The court acquitted all of the accused of a fourth charge of “gathering money for a terrorist organization or group with the purpose of using it for terrorist acts,” under article 24a/3 and article 3/b of the Law to Combat Money Laundering and Financing Terrorism.
In its explanation of the law it applied to the facts, the court emphasized that for acts to constitute an offense under article 118/2 they do not need to actually result in “hostile acts” or “disturb[ed] relations with a foreign state,” but that the “probability” of such consequences suffices.
In further explanations that expose how the vague and overbroad elements of article 118 can be open to political interpretations that violate the right to freedom of expression, the court went on to say that Barqawi’s book criticizing Saudi society had led to expressions of “indignation” on a Saudi television show. The court then stated that for “a Jordanian citizen to publish [criticisms of Saudi society and the Tunisian elections and constitution] interferes in the affairs of those states and it is well-known that interference in internal affairs by a foreign citizen causes the government of any state indignation. This is a matter that may also influence the Jordanian community present in Saudi and Tunis [and lead to] acts against them, such as throwing them out or arresting them or stripping them of their financial interests.”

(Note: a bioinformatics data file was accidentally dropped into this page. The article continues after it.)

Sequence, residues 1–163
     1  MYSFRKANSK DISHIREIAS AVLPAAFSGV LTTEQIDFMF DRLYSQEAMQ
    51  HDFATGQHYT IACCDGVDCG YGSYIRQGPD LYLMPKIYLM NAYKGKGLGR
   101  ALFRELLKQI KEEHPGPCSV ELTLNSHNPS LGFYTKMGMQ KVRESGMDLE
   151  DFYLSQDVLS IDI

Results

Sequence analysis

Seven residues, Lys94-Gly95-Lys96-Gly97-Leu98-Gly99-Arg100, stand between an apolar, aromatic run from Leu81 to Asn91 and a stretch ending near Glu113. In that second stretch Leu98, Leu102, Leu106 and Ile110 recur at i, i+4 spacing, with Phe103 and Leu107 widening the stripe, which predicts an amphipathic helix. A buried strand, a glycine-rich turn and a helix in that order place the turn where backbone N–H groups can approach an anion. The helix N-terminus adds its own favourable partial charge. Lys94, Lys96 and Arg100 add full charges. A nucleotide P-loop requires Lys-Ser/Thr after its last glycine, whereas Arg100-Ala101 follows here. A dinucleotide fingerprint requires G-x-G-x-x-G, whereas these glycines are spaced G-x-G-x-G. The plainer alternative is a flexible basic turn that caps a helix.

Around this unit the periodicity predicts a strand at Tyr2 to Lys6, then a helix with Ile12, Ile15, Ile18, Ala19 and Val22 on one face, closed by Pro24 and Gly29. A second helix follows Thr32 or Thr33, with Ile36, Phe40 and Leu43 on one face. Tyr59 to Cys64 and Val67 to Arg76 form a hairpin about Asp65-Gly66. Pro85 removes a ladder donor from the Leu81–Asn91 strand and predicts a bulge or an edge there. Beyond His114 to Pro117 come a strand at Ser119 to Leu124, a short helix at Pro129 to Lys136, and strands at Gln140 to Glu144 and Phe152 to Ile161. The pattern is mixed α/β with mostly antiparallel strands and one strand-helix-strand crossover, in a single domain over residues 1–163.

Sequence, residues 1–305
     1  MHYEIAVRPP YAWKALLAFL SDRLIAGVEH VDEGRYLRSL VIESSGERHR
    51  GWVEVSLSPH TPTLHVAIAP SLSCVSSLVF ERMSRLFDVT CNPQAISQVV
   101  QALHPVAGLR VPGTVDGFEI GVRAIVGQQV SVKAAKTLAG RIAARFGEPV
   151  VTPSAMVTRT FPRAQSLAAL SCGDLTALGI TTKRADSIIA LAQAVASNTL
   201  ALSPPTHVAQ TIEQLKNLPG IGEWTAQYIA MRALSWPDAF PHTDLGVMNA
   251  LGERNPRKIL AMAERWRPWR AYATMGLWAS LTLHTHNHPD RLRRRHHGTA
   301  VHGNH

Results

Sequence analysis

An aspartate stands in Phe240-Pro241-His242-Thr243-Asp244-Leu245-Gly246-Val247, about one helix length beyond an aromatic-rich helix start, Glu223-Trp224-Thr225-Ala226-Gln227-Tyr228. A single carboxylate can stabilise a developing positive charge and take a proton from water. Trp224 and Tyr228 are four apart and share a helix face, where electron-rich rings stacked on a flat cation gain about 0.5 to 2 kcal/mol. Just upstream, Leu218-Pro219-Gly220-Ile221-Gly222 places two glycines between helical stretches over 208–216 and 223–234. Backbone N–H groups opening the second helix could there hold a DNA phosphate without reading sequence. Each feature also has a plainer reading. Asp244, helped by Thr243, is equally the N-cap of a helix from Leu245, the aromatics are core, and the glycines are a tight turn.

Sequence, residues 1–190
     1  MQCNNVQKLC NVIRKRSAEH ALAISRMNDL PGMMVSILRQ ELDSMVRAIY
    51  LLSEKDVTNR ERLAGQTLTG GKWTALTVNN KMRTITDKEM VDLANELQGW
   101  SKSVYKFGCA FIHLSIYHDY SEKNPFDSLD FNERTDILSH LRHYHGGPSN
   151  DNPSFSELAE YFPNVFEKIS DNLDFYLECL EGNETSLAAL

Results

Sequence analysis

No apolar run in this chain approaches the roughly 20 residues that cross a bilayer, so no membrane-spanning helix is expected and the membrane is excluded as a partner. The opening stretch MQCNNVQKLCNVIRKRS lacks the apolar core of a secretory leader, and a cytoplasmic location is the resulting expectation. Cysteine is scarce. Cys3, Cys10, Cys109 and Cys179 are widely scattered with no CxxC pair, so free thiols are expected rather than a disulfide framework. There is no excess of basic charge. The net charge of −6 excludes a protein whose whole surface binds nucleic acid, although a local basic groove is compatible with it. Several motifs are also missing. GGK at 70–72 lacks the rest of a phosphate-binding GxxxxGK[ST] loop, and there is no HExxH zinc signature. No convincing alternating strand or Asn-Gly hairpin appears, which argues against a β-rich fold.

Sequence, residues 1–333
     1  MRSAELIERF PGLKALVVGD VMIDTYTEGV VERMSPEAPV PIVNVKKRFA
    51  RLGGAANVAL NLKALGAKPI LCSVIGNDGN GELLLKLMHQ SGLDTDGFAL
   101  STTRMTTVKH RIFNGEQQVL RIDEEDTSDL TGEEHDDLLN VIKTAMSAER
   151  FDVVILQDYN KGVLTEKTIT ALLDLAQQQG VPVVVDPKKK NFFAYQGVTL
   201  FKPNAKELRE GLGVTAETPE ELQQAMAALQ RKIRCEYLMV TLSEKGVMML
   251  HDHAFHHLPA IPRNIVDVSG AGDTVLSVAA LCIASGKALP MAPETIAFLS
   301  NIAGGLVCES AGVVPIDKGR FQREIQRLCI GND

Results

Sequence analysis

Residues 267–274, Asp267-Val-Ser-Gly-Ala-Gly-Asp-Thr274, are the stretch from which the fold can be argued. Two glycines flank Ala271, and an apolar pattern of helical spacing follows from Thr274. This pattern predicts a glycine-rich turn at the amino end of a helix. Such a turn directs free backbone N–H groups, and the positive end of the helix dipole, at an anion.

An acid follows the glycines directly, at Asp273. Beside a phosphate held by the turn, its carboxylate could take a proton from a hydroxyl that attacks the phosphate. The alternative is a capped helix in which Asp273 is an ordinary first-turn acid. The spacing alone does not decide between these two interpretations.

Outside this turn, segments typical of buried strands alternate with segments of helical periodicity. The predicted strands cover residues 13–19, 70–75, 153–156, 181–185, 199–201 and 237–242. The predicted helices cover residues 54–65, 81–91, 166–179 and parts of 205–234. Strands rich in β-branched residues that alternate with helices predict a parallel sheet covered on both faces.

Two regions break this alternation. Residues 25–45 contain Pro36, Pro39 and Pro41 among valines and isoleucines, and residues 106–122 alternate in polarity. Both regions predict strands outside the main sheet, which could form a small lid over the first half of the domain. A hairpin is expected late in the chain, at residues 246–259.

Your honor, these State Security Court’s explanations demonstrate the reasons for Human Rights Watch’s concern about the overbroad and vague nature of article 118/2. Every person has a right to make public criticisms, including of foreign societies and states.
Jordan is a party to the International Covenant on Civil and Political Rights (ICCPR), article 19 of which guarantees every person the right to freedom of expression “regardless of frontiers.” The Arab Charter for Human Rights, to which Jordan is also a state party, reiterates this right in article 32. Any restrictions on this right in order to protect the reputation of others or for reasons of national security must be according to law, must be necessary, and narrowly tailored for their stated purpose. “[D]isturb[ing Jordan’s] relations with a foreign state” would not constitute a legitimate basis for restricting the right to freedom of expression.
In early August 2011, the UN Human Rights Committee, which issues authoritative guidance on interpreting the ICCPR issued a new General Comment on article 19. “The mere fact that forms of expression are considered to be insulting to a public figure is not sufficient to justify the imposition of penalties,” the committee wrote, urging the “decriminalization of defamation.” The committee found that “in any case, the application of the criminal law should only be countenanced in the most serious of cases [of dangerous speech] and imprisonment is never an appropriate penalty.”
For these reasons, Human Rights Watch urges you to instruct judges not to apply article 118/2 of the penal code until the government and parliament have the opportunity to amend this article which as it stands lacks precision and criminalizes legitimate speech.
We thank you for your attention to this matter.
Sarah Leah Whitson
Middle East and North Africa Division